FIG. 3 shows a touchplane with a bezel 610 fastened over transducing surface 12 with screws 612. A stylus 614 is inserted into a slot 616 in bezel 610 by the operator, and one end of the stylus makes contact with transducing surface 12. When contact is made with the transducing surface, a Finger Down signal will be produced on output 20, and the position of the stylus on the transducing surface will be indicated by the signal on output 18. As the operator moves the stylus in the slot along the transducing surface, the signal on output 18 will indicate the changing position of the stylus and the position will be shown on visible indicators 14. In some circumstances it may be desirable to make slot 616 narrow enough that only the stylus, not an operator's finger, can be brought into contact with transducing surface 12. In other instances it may be desirable to allow either the use of a stylus or an operator's finger.
FIGS. 4 and 5 show another actuating device in the form of a slider assembly 618 which may comprise a guide rail 620 that supports a slider 622. Guide rail 620 and touchplane 10 are both mounted to a panel 624 of a system such as a theater light control panel. An actuator plate 626 is supported by slider 622 on threaded pins 628 and springs 630. An actuating wheel 632 is rotatably mounted to a tab 634 on actuator plate 626. As in the embodiment of FIG. 3, bezel 610 is fastened over touchplane 10, and in this embodiment tab 634 and actuating wheel 632 project through slot 616.
Springs 630 hold actuating wheel 632 just out of contact with transducing surface 12 when no pressure is applied to actuator plate 626. If an operator touches actuator plate 626, the pressure applied by his finger will compress the springs 630 and bring actuating wheel into contact with transducing surface 12. When that happens, a Finger Down signal will be produced on output 20 and the output signal on output 18 will indicate the position of the actuating wheel on the transducing surface. The operator can slide the slider along the guide rail, and as he does so, the position of the actuating wheel will change on the transducing surface, thereby causing a change in the output signal on output 18. When the operator's finger is removed from the actuator plate, the Finger Down signal will be removed from output 20 and the signal on output 18 will remain at the value it had when the operator's finger was removed.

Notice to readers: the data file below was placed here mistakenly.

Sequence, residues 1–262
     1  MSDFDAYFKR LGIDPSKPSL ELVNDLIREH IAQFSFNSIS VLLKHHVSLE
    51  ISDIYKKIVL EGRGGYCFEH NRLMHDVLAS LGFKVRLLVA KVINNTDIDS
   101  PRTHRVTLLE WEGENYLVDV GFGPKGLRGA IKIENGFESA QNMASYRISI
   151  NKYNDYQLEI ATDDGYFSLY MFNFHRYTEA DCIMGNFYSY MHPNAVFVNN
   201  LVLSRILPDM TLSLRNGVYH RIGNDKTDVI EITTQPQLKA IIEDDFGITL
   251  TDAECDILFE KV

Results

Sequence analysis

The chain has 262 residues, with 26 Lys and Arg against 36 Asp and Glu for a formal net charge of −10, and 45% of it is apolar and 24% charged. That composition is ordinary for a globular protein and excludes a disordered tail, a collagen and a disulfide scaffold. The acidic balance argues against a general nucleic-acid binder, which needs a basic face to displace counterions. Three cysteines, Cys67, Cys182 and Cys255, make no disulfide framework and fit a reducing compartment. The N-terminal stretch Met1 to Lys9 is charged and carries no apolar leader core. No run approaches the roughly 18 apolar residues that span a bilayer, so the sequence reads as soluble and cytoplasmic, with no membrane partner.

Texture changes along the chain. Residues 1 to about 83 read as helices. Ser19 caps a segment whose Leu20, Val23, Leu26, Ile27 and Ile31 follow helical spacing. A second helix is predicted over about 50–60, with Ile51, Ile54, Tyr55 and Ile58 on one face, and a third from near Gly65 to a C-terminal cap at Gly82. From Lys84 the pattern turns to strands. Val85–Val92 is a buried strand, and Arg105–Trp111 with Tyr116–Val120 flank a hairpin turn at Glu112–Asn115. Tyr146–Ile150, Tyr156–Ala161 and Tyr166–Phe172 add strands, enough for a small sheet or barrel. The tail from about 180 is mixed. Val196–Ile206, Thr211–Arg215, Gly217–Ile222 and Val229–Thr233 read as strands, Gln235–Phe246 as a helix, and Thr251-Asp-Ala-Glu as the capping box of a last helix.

While the inventors' preferred means of accomplishing their invention has been disclosed, it will be appreciated by those skilled in the art that there are a number of possible variations within the scope of the invention. For example, a slider assembly may not require a separate guide rail; instead, the slider could simply be supported by the bezel and could slide in slot 616. Likewise, it may not be necessary for an actuating wheel or stylus to actually touch the transducing surface, it may be sufficient for some applications to bring the actuating device into a predetermined degree of proximity with the transducing surface if an array of proximity detectors is used for the transducing surface. One example of proximity detectors that could be used are Hall Effect magnetic field detectors that will detect the magnetic field produced by a small permanent magnet that could be mounted on the actuating end of stylus 614.
As is discussed in the referenced application, it should also be understood that for certain applications it may not be necessary for the visible indicators to be located immediately adjacent the touchplane. The visible indicator could be a cathode ray tube display showing the output level of one or more touchplanes that are located a distance away from the cathode ray tube.
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|U.S. Classification||340/644, 315/292, 338/119, 341/173|
|International Classification||F21S8/00, G01D5/165, F21V23/00|
|Cooperative Classification||F21V23/00, F21W2131/406, G01D5/165, F21V23/0485|
|European Classification||F21V23/00, G01D5/165|
|Feb 10, 1981||AS||Assignment|
Owner name: PEPPER, ROBERT BACON 10 TERRACE AVE., BOLINAS, CA
Free format text: ASSIGNMENT OF ASSIGNORS INTEREST.;ASSIGNOR:MAPLES JAMES A.;REEL/FRAME:003867/0630
Effective date: 19810207
|Jun 23, 1987||RF||Reissue application filed|
Effective date: 19870424
|Oct 11, 1988||FPAY||Fee payment|
Year of fee payment: 4
|Feb 19, 1991||AS||Assignment|
Owner name: PEPPER, PATRICIA K.
Free format text: LETTERS OF TESTAMENTARY;ASSIGNOR:PEPPER, PATRICIA K. SUCCESSOR TO ROBERT BACON PEPPER, DEC D;REEL/FRAME:005600/0776
Effective date: 19900406
|May 20, 1997||FPAY||Fee payment|
Year of fee payment: 12
|May 20, 1997||SULP||Surcharge for late payment|
|Jan 6, 1998||PRDP||Patent reinstated due to the acceptance of a late maintenance fee|
Effective date: 19970919